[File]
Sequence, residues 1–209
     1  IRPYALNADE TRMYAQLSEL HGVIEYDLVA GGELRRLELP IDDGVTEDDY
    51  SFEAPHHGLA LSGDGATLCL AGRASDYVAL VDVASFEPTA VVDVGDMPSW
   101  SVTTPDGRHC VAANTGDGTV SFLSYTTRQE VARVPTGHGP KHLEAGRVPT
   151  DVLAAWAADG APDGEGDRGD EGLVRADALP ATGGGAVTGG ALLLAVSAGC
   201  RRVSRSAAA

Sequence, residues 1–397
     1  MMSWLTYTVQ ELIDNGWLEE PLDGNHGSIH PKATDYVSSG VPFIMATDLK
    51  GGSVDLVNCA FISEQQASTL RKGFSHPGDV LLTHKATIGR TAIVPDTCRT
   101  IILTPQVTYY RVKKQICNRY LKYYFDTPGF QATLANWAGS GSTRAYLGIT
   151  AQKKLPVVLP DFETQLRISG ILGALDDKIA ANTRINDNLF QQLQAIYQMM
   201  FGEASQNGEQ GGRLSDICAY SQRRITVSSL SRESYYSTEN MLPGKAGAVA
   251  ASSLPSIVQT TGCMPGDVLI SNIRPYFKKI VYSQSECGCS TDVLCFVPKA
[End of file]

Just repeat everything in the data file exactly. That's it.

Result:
Sequence, residues 1–209
     1  IRPYALNADE TRMYAQLSEL HGVIEYDLVA GGELRRLELP IDDGVTEDDY
    51  SFEAPHHGLA LSGDGATLCL AGRASDYVAL VDVASFEPTA VVDVGDMPSW
   101  SVTTPDGRHC VAANTGDGTV SFLSYTTRQE VARVPTGHGP KHLEAGRVPT
   151  DVLAAWAADG APDGEGDRGD EGLVRADALP ATGGGAVTGG ALLLAVSAGC
   201  RRVSRSAAA

Sequence, residues 1–397
     1  MMSWLTYTVQ ELIDNGWLEE PLDGNHGSIH PKATDYVSSG VPFIMATDLK
    51  GGSVDLVNCA FISEQQASTL RKGFSHPGDV LLTHKATIGR TAIVPDTCRT
   101  IILTPQVTYY RVKKQICNRY LKYYFDTPGF QATLANWAGS GSTRAYLGIT
   151  AQKKLPVVLP DFETQLRISG ILGALDDKIA ANTRINDNLF QQLQAIYQMM
   201  FGEASQNGEQ GGRLSDICAY SQRRITVSSL SRESYYSTEN MLPGKAGAVA
   251  ASSLPSIVQT TGCMPGDVLI SNIRPYFKKI VYSQSECGCS TDVLCFVPKA